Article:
Final approval has been given and construction is ready to start at Lower JCT. (Lower Junction), a new Toronto neighbourhood project that will encompass eight acres in the south end of the city’s Junction Triangle area.
“There’s going to be tremendous value through a strong mixed-use vision as well as the community amenities that will be part of the project, including daycare facilities, affordable housing, larger units to support families and a strong public realm,” said Elsa Fancello, development manager for Castlepoint Numa, which is partnering with Greybrook Realty Partners on the project.
“We’ve cleaned up a former industrial site and are transforming it into a mixed-use neighbourhood all centred around and supported by transit.”
Lower JCT. is located within easy walking distance of two stops on the Bloor subway line, two streetcar lines, GO Transit and the only intermediate stop on the newly launched Union Pearson Express airport rail link service. It also provides access to the West Toronto Rail Path off Perth Avenue, which will be realigned as part of the development.
More than a million square feet
Once completed, Lower JCT. will include 540,000 square feet of residential space housing 1,000 people and 565,000 square feet of non-residential space that will employ up to 2,500.
The site was purchased by Castlepoint Numa in 2008 and the company considered it for Pinewood Toronto Studios before deciding to build in the Port Lands district on the eastern waterfront.
The company, in its 25th year, excels in heritage preservation, brownfield reclamation and revitalizing sites in decline.
Its other projects include: 3C Waterfront, a 13.5-acre site in Toronto on the shore of Lake Ontario in collaboration with Cityzen Development Group and Continental Ventures; Backstage On The Esplanade, a 36-storey condominium across from Toronto’s Sony Centre for the Performing Arts; and L Tower, a 57-storey, 593-suite condo designed by Daniel Libeskind adjacent to the Sony Centre.
The Lower JCT. land was contaminated from its past industrial uses by Northern Aluminum Company and Tower Automotive, though Rio Tinto Alcan has cleaned it up over and above requirements to support the standards of the mixed-use development plan.
Castlepoint Numa has worked with Toronto city councillor Ana Bailão, local residents and business owners over the past seven years to get to this point, a collaboration enhanced by the developer’s community involvement. The site has hosted outdoor film screenings, community organizations including Art Spin and Junction Flea, and was recently involved in the BIG on Bloor Festival for the fourth year.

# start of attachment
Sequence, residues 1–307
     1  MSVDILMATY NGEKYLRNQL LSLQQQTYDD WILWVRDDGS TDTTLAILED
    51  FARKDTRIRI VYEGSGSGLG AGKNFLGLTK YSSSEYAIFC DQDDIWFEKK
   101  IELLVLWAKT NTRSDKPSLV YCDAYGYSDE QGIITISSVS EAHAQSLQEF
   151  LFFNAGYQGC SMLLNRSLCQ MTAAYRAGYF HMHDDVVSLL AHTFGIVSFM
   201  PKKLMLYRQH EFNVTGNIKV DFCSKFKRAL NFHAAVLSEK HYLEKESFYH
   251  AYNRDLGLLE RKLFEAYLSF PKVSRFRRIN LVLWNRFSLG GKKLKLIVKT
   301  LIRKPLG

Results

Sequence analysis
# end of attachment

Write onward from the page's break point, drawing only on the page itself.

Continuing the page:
Preservation of Auto Building
The Auto Building, a 10-storey structure built in 1919 and once the tallest in Toronto, is in a state of disrepair but will be completely renovated and remain the tallest and most prominent building in Lower JCT. The exterior has been granted heritage status and Castlepoint Numa is working closely with the Heritage Preservation Services section of the City Planning Division and heritage architectural firm ERA Architects to maintain the historic façade.
Tens of millions of dollars will be invested in restoring and preserving the building, which is targeting completion by the end of 2016. One of the first steps is removing existing windows and creating exact replicas to replace them. Interior demolition will begin in September.
The Museum of Canadian Contemporary Art will relocate from its Queen Street West location and occupy the first two storeys and half of the third floor. A café will also be incorporated at ground level.
“For the balance of the building, we’re in conversations with a number of tenants,” said Fancello. “We’re really looking for creative and digital media-type users.”
Lower JCT. architectural team
Several other new buildings are in the works and an international team of architects — Chris Peck of Los Angeles, Peter Clewes of architectsAlliance, Prishram Jain of TACT Architecture and Gianni Ria of Page + Steele/IBI Group Architects — has been selected. The detailed design process is underway for Lower JCT.’s first development phases.
Townhouses will run along Perth Avenue and Fancello said they’ll start to be marketed this fall with an aim to have them ready to occupy by late 2016 or early 2017. Lower JCT. will include eight other residential, mixed-use and industrial/commercial buildings and will feature a new daycare facility for 36 children.
“Serious conversations” are also taking place with a microbrewery, according to Fancello.
“We want to create a very vibrant neighbourhood and we see having strong commercial and retail life at grade to be critical,” said Fancello.
Affordable housing component
Castlepoint Numa is working with the City of Toronto to come up with a plan for the affordable housing component of Lower JCT., and Fancello emphasized they’ll be incorporated into the development in its early stages.
At least 30 per cent of all the Lower JCT. residential suites will have two or more bedrooms.
“We’re also looking at potentially creating a full range of larger units because we see the need in the neighbourhood,” said Fancello.
Lower JCT. will incorporate a new private road that will meet Sterling Road in two spots. It will also include more than an acre of land for a new public park and open green spaces, including a plaza immediately to the west of the Auto Building.